Research shows that over the next decade £1 trillion of assets will flow to future generations and that 80% of financial advisers believe that this is a significant business opportunity. However only 9% are facilitating family conversations to help manage this transfer.
Evidence also indicates that the generation inheriting wealth have a different attitude towards advice than their parents and prefer to pay for this only when they have a requirement. They are also highly unlikely to use the same financial advisers as the people who are passing on wealth to them.
Given this backdrop, are financial advisers well positioned to maximise this opportunity? Here are three considerations:
1. Audit the opportunity:
Many advisers have clients who wish to pass on some of their wealth but have not analysed how much of that wealth is likely to remain within their management. A recent survey indicated that 15% of firms had lost up to 50% of their value due to lack of a strategy for intergenerational wealth transfer. Advisers may therefore want to review the assets under management and fee income of clients over a certain age and then assess the current level of family engagement. If low then action might be required.
2. Develop a new proposition:
Engaging with the next generation is not simply about recruiting a millennial to engage with them. One option is to define a new client segment and develop an appropriate service proposition. This may include mortgage and protection advice, school fees planning and simple savings options. The charging structure might need to be reviewed - should services be offered on a fixed fee rather than ad valorum basis?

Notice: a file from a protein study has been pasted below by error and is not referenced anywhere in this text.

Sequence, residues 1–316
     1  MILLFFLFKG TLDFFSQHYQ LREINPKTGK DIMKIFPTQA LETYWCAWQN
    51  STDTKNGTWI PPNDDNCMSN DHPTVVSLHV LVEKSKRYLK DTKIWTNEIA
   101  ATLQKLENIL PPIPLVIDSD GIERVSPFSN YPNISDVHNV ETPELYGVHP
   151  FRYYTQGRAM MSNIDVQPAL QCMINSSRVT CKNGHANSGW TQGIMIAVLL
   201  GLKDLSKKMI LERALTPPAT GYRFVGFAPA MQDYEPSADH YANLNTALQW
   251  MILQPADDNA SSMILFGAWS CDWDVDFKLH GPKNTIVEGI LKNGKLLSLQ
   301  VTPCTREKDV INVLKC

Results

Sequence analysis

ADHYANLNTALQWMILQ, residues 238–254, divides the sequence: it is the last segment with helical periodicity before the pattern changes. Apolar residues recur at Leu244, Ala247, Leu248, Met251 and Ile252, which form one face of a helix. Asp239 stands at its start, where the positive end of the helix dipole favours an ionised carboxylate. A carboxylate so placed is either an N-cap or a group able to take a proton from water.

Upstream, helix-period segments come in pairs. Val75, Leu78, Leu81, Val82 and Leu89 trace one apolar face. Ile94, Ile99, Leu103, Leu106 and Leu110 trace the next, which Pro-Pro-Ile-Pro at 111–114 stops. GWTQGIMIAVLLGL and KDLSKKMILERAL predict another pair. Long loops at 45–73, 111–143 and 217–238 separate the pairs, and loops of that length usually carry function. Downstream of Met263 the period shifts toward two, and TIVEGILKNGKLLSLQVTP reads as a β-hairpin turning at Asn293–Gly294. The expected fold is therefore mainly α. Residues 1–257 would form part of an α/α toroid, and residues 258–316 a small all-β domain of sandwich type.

Engagement through technology could also be considered as should the investment proposition. Whilst wealthy clients might need their IHT carefully managed through a bespoke mandate and for those inheriting wealth but starting to save a multi-asset fund or platform based model portfolio solution could be appropriate.
Currently 38% of those likely to inherit wealth will put this into a savings account so helping clients with early investment education is a good start.
3. Consider your business valuation:
Over the next few years, many advisers are considering an exit strategy for their business. However, if transferred wealth ‘walks away' from the business, this could impact a valuation based on a multiple of income.
In short, intergenerational transfer of wealth can deliver a range of opportunities but planning for this is required! Watch this video to learn more.
Gillian Hepburn, Intermediary Solutions Director, Schroders
Past performance is not a guide to future performance and may not be repeated. The value of investments and the income from them may go down as well as up and investors may not get back the amount originally invested. Schroders has expressed its own views and opinions which may change.
This information is not an offer, solicitation or recommendation to buy or sell any financial instrument or to adopt any investment strategy. Nothing in this material should be construed as advice or a recommendation to buy or sell. Reliance should not be placed on any views or information in the material when taking individual investment and/or strategic decisions. No responsibility can be accepted for error of fact or opinion. Issued by Schroder Investment Management Limited, 1 LondonWall Place, London EC2Y 5AU, registered No. 1893220, who is authorised and regulated by the Financial Conduct Authority.
Visit Schroders Talking Point for market news and expert views http://www.schroders.com/talkingpoint
 CEBR and Kings Court Trust, 2017
 The Generation Game, Sanlam report, 2018